CANCELED: Of Mice and Mammoths

Monday, September 23, 2019, 6:00pm – 7:30pm Save to Calendar

Explore how the biodiversity and extinctions of the past are helping to inform conservation strategies for the future.


Not Required


  • Suggested Donation: $5.00


Mather Auditorium

This event is handicap accessible

Our presenter has just informed us that, due to a medical issue, she will be unable to be at the reserve tonight. We apologize for the inconvenience.

Climate change, extinction, and other threats facing our ecosystems are nothing new under the sun—we have a number of examples in the recent fossil record to draw upon as analogs. Understanding how yesterday’s biodiversity responded to these “natural experiments” can help ecologists prepare for the challenges of the coming next century. Earth's largest animals disappeared at the end of the last ice age, leaving consequences for biodiversity that are still playing out thousands of years later. But the story isn't all bleak. There are tales of resilience and survival, too. These lessons from the past can help inform cutting edge—but often controversial—conservation strategies, from managed relocation of species to de-extinction and rewilding.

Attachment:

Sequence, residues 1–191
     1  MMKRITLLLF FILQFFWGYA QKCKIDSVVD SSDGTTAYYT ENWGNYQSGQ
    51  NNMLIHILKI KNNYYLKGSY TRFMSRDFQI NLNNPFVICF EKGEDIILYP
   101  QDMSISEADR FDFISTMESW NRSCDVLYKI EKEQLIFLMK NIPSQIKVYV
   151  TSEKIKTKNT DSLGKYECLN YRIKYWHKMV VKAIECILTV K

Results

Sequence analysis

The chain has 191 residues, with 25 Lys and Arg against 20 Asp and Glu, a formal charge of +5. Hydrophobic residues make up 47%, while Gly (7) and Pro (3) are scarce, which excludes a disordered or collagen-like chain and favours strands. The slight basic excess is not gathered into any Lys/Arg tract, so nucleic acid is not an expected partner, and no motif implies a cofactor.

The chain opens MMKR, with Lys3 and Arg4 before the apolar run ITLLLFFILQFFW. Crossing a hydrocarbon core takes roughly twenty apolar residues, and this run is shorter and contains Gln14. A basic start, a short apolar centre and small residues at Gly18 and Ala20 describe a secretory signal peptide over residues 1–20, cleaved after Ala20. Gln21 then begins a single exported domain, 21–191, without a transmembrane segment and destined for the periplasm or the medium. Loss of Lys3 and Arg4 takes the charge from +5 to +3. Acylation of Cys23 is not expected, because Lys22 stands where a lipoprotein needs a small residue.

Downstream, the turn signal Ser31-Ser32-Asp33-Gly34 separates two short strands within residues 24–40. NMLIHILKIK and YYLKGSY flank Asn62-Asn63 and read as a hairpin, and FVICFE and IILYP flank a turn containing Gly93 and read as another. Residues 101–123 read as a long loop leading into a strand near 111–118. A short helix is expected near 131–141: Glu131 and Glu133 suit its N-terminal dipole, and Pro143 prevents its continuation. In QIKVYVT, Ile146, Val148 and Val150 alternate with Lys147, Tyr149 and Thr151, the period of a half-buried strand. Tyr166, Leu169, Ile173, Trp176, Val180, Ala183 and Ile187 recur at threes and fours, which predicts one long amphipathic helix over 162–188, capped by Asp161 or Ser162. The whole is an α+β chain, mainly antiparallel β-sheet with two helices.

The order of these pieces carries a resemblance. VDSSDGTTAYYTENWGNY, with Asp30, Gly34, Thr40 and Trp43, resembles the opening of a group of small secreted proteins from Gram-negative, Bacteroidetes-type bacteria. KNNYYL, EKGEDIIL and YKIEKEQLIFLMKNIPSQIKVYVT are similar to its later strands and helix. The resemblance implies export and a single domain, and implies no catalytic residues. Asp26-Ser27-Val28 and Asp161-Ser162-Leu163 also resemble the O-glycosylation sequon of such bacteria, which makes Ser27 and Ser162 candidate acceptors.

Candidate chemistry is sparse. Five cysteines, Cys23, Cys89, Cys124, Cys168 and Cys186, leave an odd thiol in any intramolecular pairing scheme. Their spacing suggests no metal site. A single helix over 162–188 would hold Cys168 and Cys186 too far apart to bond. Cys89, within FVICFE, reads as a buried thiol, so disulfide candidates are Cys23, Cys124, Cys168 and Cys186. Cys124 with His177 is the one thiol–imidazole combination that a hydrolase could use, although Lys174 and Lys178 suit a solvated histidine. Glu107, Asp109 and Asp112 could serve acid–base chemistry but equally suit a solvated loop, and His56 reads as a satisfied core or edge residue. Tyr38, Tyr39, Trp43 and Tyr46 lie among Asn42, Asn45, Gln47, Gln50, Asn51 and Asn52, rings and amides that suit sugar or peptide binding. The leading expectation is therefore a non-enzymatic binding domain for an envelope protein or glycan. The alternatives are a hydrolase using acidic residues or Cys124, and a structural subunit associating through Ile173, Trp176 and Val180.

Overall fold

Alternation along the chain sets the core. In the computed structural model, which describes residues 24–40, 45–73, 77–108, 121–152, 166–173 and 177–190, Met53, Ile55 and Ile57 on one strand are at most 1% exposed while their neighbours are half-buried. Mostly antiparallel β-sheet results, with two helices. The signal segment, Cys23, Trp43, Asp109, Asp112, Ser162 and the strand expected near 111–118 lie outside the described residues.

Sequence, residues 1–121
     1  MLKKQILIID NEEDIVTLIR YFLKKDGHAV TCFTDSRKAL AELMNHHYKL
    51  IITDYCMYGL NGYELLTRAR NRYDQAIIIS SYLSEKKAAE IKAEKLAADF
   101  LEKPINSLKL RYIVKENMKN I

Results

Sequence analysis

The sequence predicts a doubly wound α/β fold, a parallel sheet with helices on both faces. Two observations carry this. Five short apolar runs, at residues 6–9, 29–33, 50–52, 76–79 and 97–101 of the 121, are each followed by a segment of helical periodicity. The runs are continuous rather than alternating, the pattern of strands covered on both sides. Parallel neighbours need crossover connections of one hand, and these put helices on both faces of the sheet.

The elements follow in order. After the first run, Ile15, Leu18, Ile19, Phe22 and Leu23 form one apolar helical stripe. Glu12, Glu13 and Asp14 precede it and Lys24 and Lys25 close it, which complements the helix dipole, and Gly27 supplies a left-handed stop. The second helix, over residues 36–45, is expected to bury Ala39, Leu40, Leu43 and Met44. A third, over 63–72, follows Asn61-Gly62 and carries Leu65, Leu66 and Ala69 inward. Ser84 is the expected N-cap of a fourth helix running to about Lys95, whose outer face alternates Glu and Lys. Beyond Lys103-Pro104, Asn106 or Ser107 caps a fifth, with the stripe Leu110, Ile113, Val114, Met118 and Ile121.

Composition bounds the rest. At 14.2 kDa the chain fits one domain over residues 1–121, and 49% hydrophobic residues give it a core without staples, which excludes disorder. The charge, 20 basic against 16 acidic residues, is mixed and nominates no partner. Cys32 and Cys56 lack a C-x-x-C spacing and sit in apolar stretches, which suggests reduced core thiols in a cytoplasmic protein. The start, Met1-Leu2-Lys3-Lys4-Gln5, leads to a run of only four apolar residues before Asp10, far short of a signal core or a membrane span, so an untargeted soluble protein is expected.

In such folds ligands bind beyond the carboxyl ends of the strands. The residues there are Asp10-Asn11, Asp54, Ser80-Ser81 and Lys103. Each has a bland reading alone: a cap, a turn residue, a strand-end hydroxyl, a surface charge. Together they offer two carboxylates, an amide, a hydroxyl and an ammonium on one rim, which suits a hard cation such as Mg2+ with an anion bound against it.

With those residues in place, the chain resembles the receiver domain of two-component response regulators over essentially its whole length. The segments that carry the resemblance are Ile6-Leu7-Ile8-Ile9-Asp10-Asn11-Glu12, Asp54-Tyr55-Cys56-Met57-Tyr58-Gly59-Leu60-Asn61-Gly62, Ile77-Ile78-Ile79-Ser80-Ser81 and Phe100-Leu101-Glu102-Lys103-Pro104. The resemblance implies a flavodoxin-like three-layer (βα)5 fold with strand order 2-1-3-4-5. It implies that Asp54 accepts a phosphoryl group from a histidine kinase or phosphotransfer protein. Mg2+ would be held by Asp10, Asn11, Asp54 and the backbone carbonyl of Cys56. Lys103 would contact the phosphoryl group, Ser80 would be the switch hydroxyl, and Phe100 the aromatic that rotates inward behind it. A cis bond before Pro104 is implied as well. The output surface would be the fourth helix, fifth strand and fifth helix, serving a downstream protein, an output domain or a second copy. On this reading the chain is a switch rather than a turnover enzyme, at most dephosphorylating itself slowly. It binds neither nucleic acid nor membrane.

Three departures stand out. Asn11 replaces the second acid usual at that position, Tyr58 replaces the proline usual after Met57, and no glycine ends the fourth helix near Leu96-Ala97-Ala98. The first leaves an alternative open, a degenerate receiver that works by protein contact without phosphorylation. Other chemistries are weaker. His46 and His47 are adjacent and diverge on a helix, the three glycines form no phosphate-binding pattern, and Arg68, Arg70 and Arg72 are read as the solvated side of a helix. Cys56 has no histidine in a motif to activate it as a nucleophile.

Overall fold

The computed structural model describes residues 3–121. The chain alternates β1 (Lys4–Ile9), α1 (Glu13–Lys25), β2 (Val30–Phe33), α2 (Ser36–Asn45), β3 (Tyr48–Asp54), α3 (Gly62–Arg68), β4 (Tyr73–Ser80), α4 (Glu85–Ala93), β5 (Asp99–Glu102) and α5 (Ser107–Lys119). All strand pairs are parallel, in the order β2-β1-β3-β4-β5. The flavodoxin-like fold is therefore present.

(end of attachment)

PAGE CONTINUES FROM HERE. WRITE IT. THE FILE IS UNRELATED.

Light snacks, soft drinks and water, and a cash bar for beer and wine will be available from 5:30-6pm for pre-lecture mingling.

Support for the Ted Exford Climate Stewards lecture series is provided by Dave & Loretta (Exford) Hoglund.

Jacquelyn Gill is an assistant professor of paleoecology at the Climate Change Institute and the School of Biology and Ecology at the University of Maine, where she directs the BEAST Lab for investigations on Biodiversity and Environments Across Space and Time. An ice age ecologist, she uses the natural experiments of the fossil record to understand challenges facing ecosystems in a warming world, with a particular focus on extinction impacts. She co-hosts “Warm Regards,” a podcast of climate change conversations.


Read an interview with Dr. Gill on Women's Equality Day

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